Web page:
It came to me in the night.
Imagine an old lover with whom things had been unresolved. After a difficult stretch during which you wondered whether the best days of your relationship were gone, things were starting to look up. Love was beginning to lace its way through the faultlines and bind that which had been broken.
But suddenly, your partner walked away from it all. Your history, it turned out, was not something that could be covered up and forgotten.
Now, 10 years later, and just as suddenly, this ghost of loves past shows up in your bedroom ready to resume things from where you had left off.
Excitement outweighs apprehension and you jump into the mystery.
This was my last night.
Except the lover in question wasn’t a person, exactly. It was a band.
And that band is Suede.
I’ve written on this blog before about my love for the band that helped define Britpop but also had a dramatic depth that few other groups in the 1990s could match.
However, by the late 90s and early 00s, Suede was struggling to find a direction. It left the band’s members and many of its fans disappointed with the output, though much of it was still quite good.
Suede parted ways in 2003, and I didn’t really think I’d hear from its members as a band again.
But after playing some gigs in recent years, Suede is set to release a new album, “Bloodsports,” next week.
I’d heard the singles during the past few months and had been excited by their quality. Suede sounded rejuvenated.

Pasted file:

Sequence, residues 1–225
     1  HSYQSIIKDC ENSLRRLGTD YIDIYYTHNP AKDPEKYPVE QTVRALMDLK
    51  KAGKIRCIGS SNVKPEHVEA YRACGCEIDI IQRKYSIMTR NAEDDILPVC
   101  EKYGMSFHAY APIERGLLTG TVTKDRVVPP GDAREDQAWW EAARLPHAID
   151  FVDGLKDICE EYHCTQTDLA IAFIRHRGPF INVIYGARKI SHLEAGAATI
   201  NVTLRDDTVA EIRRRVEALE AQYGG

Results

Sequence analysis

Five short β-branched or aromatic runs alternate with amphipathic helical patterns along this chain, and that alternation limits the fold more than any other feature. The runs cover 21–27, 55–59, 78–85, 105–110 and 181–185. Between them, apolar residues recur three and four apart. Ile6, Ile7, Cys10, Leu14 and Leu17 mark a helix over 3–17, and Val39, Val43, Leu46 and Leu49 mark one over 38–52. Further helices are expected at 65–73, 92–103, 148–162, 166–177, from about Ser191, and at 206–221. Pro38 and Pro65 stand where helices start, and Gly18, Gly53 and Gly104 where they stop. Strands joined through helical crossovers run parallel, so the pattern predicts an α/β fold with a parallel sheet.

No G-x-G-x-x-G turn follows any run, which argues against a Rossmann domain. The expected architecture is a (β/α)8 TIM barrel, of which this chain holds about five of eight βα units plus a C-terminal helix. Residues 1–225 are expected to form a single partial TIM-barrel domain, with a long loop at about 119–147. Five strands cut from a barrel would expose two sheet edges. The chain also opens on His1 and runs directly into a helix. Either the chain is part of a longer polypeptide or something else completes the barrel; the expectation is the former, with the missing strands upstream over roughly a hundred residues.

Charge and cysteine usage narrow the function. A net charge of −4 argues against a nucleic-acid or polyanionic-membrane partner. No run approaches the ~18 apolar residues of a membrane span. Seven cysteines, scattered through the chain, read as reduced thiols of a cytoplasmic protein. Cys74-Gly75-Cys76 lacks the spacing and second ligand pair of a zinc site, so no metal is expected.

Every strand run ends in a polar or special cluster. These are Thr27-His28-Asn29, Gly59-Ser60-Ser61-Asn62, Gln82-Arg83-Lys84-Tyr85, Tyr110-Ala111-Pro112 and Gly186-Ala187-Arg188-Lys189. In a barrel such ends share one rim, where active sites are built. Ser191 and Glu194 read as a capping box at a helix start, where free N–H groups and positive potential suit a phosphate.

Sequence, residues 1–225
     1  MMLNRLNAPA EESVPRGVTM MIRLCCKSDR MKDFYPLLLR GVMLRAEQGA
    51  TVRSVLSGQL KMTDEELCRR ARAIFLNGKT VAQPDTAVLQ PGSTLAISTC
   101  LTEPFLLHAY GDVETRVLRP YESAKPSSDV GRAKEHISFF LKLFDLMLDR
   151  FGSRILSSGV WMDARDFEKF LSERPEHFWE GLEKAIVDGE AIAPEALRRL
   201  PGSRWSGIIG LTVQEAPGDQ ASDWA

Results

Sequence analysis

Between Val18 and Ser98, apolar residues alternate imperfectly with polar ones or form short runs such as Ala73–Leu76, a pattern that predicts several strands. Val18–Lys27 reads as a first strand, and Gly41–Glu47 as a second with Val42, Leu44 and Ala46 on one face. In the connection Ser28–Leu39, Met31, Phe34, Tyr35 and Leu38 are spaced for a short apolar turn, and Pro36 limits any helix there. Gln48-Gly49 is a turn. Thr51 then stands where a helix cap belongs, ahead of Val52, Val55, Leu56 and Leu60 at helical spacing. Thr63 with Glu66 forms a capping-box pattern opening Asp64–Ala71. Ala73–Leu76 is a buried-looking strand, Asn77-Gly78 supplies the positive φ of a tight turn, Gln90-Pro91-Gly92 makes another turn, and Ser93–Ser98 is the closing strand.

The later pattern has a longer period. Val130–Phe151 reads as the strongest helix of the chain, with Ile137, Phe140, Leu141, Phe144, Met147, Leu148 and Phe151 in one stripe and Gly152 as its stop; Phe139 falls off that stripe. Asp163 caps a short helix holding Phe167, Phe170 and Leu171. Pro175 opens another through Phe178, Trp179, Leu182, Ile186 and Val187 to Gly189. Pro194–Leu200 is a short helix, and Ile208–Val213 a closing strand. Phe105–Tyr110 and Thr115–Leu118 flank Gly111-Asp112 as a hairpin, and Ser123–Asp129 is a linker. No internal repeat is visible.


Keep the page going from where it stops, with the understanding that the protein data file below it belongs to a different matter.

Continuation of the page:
So back to the beginning. It came to me in the night. I was about to shutter my eyes in the wee hours of the morning when I came across the announcement that “Bloodsports” was streaming on NPR as part of its “First Listen” feature.
So much for sleep. Adrenaline bolted through my body and I became giddy at the thought of listening to a new album from one of my favorite bands for the first time in more than a decade.
The sacrifice of sleep was worth it.
“Bloodsports” is a glorious work.
It’s got the soaring pop singles that made Suede one of Britain’s top bands like “Barriers,” “It Starts and Ends with You,” and “Hit Me.” It also has the brooding romanticism that I most loved Suede for like “Sometimes I Feel I’ll Float Away,” “Always” and “Faultlines.”
Review after review has praised the strength of the album.
NPR follows that template: “It’s been 11 years since the last Suede record, so when (lead singer Brett) Anderson announced last year that the band (alas, still without guitarist Bernard Butler) was returning to the studio, there was no reason to expect anything along the lines of ‘Suede’ or its incredible follow-up ‘Dog Man Star.’ So it’s frankly a little surprising how great ‘Bloodsports’ sounds — perhaps even better than the comeback albums by (Johnny) Marr, (Kevin) Shields or (David) Bowie, Anderson’s thin white role model.”
Last night, I sprawled out in the darkness of my bedroom and found each unfolding song becoming my new favorite track off the album. What better feeling than to find the thing that you loved so intensely in more youthful days coming back into your life just as beautiful and powerful as it had ever been?
Anderson has described “Bloodsports” as being about “infatuation, attraction and the fever of falling headfirst back into the pit.”
My initial reaction to the album has me feeling that kind of collision of emotions. It is a revelation. It is a joyous beast stampeding through my veins, and I am just going to enjoy this feeling while it lasts.
I thank you, Suede, for that.
It came to me in the night.